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How to be a Stand Out Applicant During COVID-19

Updated: Jan 21, 2021




Here are three tips on how you can stand out as an applicant during a global pandemic despite the obvious limitations.


1. How can I fulfill my shadowing requirements if I can't safely enter a dental setting?

Shadowing is a large proponent of the pre-dental journey. It's often how we validate that dentistry would be a life long profession that would yield personal fulfillment. Since it's not feasible to enter any dental setting at the moment electively, I offer you an alternative: conduct an informational interview with dental students/ residents/ and dentists in your time off. The reality is that the entire dental profession except emergency treatment is barred at home for the foreseeable future until it's deemed safe to return to work. It has never been easier to reach out to a dental professional via e-mail or phone call and pick their brains.


How do you achieve this in a meaningful manner?

- Reach out to 5-10 dentists in your area (via yelp), dental students and residents (on social media or through each school's admissions contact) and ask to schedule a 30-minute zoom meeting.

- Prepare ahead of time and ask open-ended questions. I guarantee you will be surprised how much you can learn about dentistry through a conversation in your own home.


In doing so, you gather the expertise of multiple people who have forged the same path before you and can further craft your discovery with dentistry. This helps a great deal later on in interviews too.

For a detailed approach on how to successfully conduct an informational interview, please read this post on A Long Term Approach to Master Your Interview.

 

2. What do I do about my extracurricular activities and volunteering during shelter-in-place?

I know many of you have been involved in your college experience in student-run clinics, tutoring, volunteering at community events, etc. The best thing to do for your health and your loved ones is to practice social distancing and to only leave your safe corridors for essential needs. If you are healthy and want to contribute to your community during this time, consider the following:


- Volunteer at a local face mask/ face shield making event. One barrier that will prevent health care workers from returning to the workforce is the lack of proper infection control (PPE). It will take a village to procure enough face shields and masks for dental professionals to safely deliver care. This is an excellent activity you can donate your hands and time to at the moment. You can even put it on your manual dexterity application as "sewing masks or using a 3D printer to create face shields".


Pictured above on the top, Victoria Nguyen (UCSF D4) volunteering with UCSF Maker's lab to 3D print face shields. On the bottom, Victoria Chen (UCLA D4 and rising OMFS Resident) working among 60 volunteers to fabricate 2.5k face shields to donate to Harbor Hospital, VA hospital, and all across Los Angeles hospital.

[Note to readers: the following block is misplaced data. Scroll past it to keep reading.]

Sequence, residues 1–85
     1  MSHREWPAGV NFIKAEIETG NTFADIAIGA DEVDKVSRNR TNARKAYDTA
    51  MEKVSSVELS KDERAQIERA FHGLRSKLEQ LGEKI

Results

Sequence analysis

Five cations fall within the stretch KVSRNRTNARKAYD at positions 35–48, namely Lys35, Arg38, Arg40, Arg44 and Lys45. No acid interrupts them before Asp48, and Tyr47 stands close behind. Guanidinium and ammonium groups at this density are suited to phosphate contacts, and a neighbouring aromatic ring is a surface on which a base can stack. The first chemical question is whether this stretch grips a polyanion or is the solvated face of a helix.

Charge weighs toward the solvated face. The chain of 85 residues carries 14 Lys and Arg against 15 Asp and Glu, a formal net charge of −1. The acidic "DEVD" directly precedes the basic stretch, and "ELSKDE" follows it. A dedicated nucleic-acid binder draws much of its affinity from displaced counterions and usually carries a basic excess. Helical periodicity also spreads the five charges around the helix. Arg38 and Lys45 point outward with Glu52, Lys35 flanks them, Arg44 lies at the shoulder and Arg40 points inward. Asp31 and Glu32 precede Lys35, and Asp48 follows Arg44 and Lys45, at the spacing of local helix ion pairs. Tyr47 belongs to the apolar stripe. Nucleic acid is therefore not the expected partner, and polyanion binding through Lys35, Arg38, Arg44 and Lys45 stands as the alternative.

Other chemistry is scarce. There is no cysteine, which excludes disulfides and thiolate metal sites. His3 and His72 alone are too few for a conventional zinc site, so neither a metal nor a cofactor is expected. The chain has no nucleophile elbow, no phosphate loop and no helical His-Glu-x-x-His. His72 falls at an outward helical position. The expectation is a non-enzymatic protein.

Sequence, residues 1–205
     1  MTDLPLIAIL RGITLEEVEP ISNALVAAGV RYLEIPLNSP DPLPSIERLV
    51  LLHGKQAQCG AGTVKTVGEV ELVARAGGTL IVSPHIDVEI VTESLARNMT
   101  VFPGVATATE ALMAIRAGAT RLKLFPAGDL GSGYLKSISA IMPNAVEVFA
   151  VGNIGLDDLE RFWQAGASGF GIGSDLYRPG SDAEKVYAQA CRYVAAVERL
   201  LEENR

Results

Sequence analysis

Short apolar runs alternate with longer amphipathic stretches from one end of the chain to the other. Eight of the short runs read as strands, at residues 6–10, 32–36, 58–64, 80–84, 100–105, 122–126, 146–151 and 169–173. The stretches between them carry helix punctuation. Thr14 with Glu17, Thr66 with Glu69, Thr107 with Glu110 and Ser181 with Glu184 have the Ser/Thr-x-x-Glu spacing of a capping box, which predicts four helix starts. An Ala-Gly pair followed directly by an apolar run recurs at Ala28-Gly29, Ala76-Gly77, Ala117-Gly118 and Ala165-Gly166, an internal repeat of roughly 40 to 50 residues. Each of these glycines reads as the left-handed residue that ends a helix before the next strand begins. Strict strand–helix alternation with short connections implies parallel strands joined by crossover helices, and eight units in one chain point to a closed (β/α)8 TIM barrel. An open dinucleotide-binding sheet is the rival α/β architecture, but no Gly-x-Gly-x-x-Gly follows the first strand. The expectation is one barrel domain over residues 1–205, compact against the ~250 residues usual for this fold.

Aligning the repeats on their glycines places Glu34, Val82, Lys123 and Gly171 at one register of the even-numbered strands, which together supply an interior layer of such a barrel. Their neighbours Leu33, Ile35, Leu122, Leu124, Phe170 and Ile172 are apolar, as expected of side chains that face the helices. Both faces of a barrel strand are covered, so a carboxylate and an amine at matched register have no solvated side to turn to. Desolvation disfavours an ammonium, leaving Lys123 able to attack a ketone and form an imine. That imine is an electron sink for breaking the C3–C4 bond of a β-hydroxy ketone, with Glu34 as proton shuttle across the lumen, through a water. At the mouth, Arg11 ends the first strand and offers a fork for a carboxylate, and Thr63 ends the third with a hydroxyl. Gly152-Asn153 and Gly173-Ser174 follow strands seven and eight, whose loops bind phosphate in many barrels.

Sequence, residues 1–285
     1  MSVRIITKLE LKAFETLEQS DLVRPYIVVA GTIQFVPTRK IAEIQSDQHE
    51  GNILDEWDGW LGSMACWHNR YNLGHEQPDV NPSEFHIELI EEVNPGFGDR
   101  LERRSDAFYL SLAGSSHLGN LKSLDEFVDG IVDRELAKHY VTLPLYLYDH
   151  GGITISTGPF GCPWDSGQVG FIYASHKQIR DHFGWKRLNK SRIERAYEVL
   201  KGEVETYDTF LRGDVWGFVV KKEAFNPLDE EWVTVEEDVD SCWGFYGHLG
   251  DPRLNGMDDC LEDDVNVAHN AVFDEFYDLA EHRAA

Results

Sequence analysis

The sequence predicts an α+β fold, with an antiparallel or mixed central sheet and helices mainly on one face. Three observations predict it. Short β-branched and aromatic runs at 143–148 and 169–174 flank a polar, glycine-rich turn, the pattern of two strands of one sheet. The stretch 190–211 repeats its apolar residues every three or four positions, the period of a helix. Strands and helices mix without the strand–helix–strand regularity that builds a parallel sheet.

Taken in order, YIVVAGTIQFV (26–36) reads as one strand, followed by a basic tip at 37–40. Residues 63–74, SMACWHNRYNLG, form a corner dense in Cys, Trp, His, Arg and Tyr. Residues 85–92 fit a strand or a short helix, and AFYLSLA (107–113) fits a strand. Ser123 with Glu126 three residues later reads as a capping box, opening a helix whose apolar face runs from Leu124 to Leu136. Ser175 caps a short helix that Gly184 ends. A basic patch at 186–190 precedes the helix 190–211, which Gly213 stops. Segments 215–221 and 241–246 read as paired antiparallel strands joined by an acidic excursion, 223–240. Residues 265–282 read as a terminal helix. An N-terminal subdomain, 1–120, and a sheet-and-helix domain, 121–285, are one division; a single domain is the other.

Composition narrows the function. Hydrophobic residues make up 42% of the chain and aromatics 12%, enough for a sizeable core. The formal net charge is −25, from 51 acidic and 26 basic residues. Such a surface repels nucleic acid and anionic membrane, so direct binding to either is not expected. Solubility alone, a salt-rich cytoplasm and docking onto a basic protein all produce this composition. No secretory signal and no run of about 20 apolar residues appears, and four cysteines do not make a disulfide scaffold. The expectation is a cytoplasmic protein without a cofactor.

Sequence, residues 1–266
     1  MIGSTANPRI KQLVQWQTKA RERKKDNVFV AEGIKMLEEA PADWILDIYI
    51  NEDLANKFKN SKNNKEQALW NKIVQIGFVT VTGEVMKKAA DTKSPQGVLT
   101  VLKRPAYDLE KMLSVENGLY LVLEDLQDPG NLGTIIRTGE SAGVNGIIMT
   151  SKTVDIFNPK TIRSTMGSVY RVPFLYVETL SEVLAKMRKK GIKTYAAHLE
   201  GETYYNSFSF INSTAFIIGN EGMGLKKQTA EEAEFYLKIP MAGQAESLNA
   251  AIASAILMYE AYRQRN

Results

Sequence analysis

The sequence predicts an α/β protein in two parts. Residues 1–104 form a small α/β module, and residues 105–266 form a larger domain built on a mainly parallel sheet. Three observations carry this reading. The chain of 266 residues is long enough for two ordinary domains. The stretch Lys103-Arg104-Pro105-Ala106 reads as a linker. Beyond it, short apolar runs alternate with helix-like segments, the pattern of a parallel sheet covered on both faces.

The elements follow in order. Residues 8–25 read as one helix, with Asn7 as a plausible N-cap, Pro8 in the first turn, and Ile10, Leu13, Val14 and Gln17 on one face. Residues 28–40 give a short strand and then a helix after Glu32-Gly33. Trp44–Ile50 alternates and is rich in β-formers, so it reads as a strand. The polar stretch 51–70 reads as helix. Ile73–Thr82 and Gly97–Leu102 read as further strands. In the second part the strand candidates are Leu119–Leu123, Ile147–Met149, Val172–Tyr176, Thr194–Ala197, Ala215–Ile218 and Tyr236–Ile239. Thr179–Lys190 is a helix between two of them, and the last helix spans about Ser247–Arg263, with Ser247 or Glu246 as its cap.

- Volunteer at a local food bank. Food insecurity is a national crisis the United States is currently facing. Considering children that were previously fed two meals a day through their school, state and federal aid is limited in being able to provide stable food for families. Aside from wanting to be an excellent dental school applicant, this would be a wonderful humanistic thing to do in your spare time.


Pictured above are UCSF students (Rising D4 Lincoln Nguyen) and UCSF health care workers organizing a local food pantry for expecting and current parents.


Doing these activities not only demonstrates empathy as an applicant, but it also shows an understanding of how COVID-19 has affected health care and communities across the world.

 

3. How can I utilize this time at home to be my best self as an applicant?


Applying to dental school will be one of the most reflective times of your life. I was never used to talking about myself, let alone "selling myself", and in hindsight, I was not prepared to deal with the stress, anxiety, and self-doubt that comes along with this process.


One piece of advice I want to share with you all that I wish I put into practice back then: find some wellness activities that help you in managing stress and anxiety. If you can utilize your free time to practice forming habits, I promise you'll use it time and time again in dental school and as a practicing provider. The path we are all forging is exciting, fulfilling, and filled with life long learning. It, however, is also incredibly stressful and takes a mental and physical toll on our bodies.

For me, I have found a love for long-distance running before starting dental school and it's been my crutch through some stressful times. Since COVID-19, I have connected with reading. And guys, this was crazy for me. Confession: I've never been one to read for pleasure, and the last full book I read before a global pandemic was probably in AP English "To Kill A Mockingbird" or "Ender's Game". I always felt resistant to reading and defaulted using my free time to watching Netflix or working out. The silver lining of all this ample time is that I have found a new escape from the external stresses of the world and now am on my fifth book of quarantine!


For Wilson, he's found an appreciation in weight lifting and continues to hone his musical talents through UCSF's acapella group. Whatever your outlet maybe ie. yoga, baking, bike riding, music, etc., I invite you all to find an outlet that you can rely on when stress inevitably creeps up on you.


 

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